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13 Reasons Why...We're Unconsciously Unkind

13 Reasons Why...We're Unconsciously Unkind

Public Service Announcement: It is safe to read this post, as there are no spoilers, so your viewing pleasure will not be diminished when you do watch the Series.

This weekend I binge watched the Netflix series, 13 reasons why. I really enjoyed it, even though it was emotionally wrenching, as it went into detail on the tough issues of bullying, rape and suicide. It was difficult to watch because it's raw and real, a reminder that this is the reality for so many persons..kids, teenagers, and adults. The series is about Hannah Baker, a seventeen year old teenager who commits suicide. Before her death she records thirteen tapes which explains what led her to her ultimate decision of suicide. Each tape lets the listener/viewer in on a situation which was pivotal to her end decision. 

This was an extremely thought provoking series. To me, it was a reminder that there will always be three sides to a story, each person's truth, and the actual truth. The tapes explained Hannah's truth, and shows that she, along with the persons on the tapes were flawed individuals. I was more than once maddened at the decisions she made which led her to worse consequences. It was akin to watching a horror movie and you're screaming at the person to not go in the room because you know they'll just get killed, but they do it anyway. In much the same way, as the viewer, at times I would be screaming don't do it Hannah, but she did anyway. I think the writers made the right decision because it was for the best that she was portrayed that way, as an imperfect being. This in no way belittles what happened to her, as I don't think anyone can go through those things and remain happy or even completely sane, but some people are stronger than others and have a better support system than others that enables them to deal better. Hannah was wronged regularly and atrociously by many persons she trusted and this was terrible. Some people are simply better able to vocalise what they need, and get the necessary help. Every person and situation is unique, and as well as we may think we know ourselves, we can never truly tell how we will actually react when faced with those situations because it's not anything you can ever prepare yourself for before it happens. The main point to remember is that while one unkind action on your part to another person may not be earth shattering in isolation, when it's combined with other such or worse actions, it may be too much for a person to bear. The thing is we'll never truly know what another person is going through, so we need to make an extra effort to be kinder. It's important to resist the judgment and just try to be kind, and if that's not possible, then don't be unkind.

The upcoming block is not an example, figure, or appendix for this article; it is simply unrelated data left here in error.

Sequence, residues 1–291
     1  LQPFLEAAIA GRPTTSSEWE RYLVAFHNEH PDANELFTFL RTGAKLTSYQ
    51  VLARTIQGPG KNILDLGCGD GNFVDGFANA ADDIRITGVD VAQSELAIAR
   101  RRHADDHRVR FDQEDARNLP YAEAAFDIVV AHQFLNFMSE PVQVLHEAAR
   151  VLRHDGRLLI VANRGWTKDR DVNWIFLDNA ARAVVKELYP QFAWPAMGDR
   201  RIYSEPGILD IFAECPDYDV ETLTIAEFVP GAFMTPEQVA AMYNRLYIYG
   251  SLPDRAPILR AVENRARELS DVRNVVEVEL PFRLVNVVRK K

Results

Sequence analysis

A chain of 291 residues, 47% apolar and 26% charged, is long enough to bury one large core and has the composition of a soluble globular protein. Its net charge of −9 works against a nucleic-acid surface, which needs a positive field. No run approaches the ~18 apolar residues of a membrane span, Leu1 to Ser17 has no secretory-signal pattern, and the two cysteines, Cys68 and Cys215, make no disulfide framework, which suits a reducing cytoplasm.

So in this blog post, I decided to go through some of the reasons that we as generally nice persons who do not mean any real harm to others may end up unconsciously being cruel:

1) We're self-centred. We each have our own lives to live, and only the components in this life truly matter to us. We are only affected by things that directly affect us, whether positively or negatively. Yes, we may look at the news or other persons' plights and feel sadness for a period of time, but then we go back to worrying about our own lives, and our own interests. Our little world will always be the centre of our existence, as is the case for the majority of the population. 

Too much self-centered attitude, you see, brings, you see, isolation. Result: loneliness, fear, anger. The extreme self-centered attitude is the source of suffering.
— Dalai Lama
I think that in today’s world, by nature, we are all self-centered. And that often leads to selfishness.
— Gary Chapman

2) We're insecure. It takes a lot of confidence to not just take ownership of one's own life, but to also become somewhat responsible for someone else by taking on their burdens and problems.